Texas and Oregon Adopt New Rules for Data Broker Laws

Texas and Oregon Adopt New Rules for Data Broker Laws

Blog WilmerHale Privacy and Cybersecurity Law

Earlier this year, Texas and Oregon each passed a data broker registration law, joining California and Vermont to double the number of states that have enacted such legislation. Texas Governor Greg Abbott signed SB 2105 into law on June 18, 2023 and the Office of the Secretary of State adopted on December 1, 2023 a set of rules to operationalize the state’s data broker registry. Oregon Governor Tina Kotek signed HB 2052 on July 27, 2023 and the Rulemaking Advisory Committee adopted the Temporary Rules for Data Brokers Registry to be effective from December 1, 2023 through May 28, 2024.   

From California’s recently enacted Delete Act, which empowers consumers with stronger data deletion rights and increases penalties for noncompliance, to the Consumer Financial Protection Bureau’s March 2023 request for information about data brokers, state and federal regulators are shining a spotlight on these actors in the data marketplace. The most common way that states are regulating data brokers is through the establishment of data broker registries, like those in Vermont, California, Texas, and Oregon. Although the registries form the driving component of these laws, the laws can also include mandates on security protocols, public disclosures, and consumer rights to delete or opt out. These laws do not include a private right of action, but the enforcing entity for each of these laws (including California’s recently formed California Privacy Protection Agency) has the authority to administer fines for noncompliance. Companies that do business in these states or have consumers living in these states should keep a close eye on how these laws define “data broker” and the types of personal data covered under these laws.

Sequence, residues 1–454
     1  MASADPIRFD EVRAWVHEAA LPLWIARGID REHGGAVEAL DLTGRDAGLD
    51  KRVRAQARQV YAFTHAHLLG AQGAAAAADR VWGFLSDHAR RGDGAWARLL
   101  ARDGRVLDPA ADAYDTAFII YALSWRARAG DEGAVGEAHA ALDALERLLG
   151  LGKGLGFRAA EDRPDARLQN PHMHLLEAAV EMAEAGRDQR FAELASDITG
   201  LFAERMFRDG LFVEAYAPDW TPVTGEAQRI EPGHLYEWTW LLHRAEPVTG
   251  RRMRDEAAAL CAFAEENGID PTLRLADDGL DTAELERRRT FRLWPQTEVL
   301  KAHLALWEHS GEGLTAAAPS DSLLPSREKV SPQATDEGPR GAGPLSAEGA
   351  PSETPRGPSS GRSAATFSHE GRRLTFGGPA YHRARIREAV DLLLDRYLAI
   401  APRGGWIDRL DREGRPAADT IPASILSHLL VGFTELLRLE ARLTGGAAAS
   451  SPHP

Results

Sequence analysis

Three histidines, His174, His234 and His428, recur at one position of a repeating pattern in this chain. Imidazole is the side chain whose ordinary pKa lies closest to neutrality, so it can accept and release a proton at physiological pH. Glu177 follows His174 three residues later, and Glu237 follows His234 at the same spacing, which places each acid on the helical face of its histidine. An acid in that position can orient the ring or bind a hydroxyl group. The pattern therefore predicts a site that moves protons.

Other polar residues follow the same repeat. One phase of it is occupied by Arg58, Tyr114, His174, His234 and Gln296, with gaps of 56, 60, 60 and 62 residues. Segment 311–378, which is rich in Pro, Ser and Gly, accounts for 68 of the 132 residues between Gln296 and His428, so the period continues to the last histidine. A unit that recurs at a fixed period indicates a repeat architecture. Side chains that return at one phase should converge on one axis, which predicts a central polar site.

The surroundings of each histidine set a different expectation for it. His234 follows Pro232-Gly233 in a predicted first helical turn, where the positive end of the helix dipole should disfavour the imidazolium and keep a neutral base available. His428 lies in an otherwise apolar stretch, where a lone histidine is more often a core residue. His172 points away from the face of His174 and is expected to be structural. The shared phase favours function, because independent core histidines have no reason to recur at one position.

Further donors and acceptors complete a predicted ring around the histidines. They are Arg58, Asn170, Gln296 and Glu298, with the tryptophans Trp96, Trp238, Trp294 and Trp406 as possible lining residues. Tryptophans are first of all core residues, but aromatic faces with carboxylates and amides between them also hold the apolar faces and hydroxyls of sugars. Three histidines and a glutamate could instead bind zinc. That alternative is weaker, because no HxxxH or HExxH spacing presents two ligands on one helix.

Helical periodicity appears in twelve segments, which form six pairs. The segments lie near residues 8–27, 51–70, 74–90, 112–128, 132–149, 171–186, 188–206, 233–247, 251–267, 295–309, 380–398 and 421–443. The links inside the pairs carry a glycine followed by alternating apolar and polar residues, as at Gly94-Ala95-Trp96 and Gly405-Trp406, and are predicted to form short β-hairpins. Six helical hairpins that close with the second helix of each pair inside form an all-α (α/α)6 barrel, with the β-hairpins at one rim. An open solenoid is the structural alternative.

In this post, we summarize the key features of the Texas and Oregon data broker laws, as well as the recent rulemaking in these two states. We also note, where applicable, how the Texas and Oregon data broker laws compare to those in Vermont and California. We will keep you updated as the data broker legal landscape continues to evolve. If you would like to subscribe to the WilmerHale Privacy and Cybersecurity Law Blog, you may do so here

Key Provisions of the Texas Data Broker Law & Rules

1. Definition of “data broker” and scope of applicability: SB 2105 defines a data broker as “a business entity whose principal source of revenue is derived from the collecting, processing, or transferring of personal data that the entity did not collect directly from the individual linked or linkable to the data.”

  • Exclusions: Service providers, government entities, nonprofits, consumer reporting agency, financial institutions.

Although this definition’s focus on “collecting, processing, or transferring” personal data is broader than the terms used in other data broker laws (e.g., Oregon’s law focuses on entities that “collect[]” and “sell[]” personal data), the law only applies to data brokers who, in a 12-month period, derive more than 50% of their revenue from processing or transferring personal data that the data broker did not collect directly from the relevant individuals OR who derive revenue from processing or transferring the personal data of more than 50,000 individuals that the data broker did not directly collect.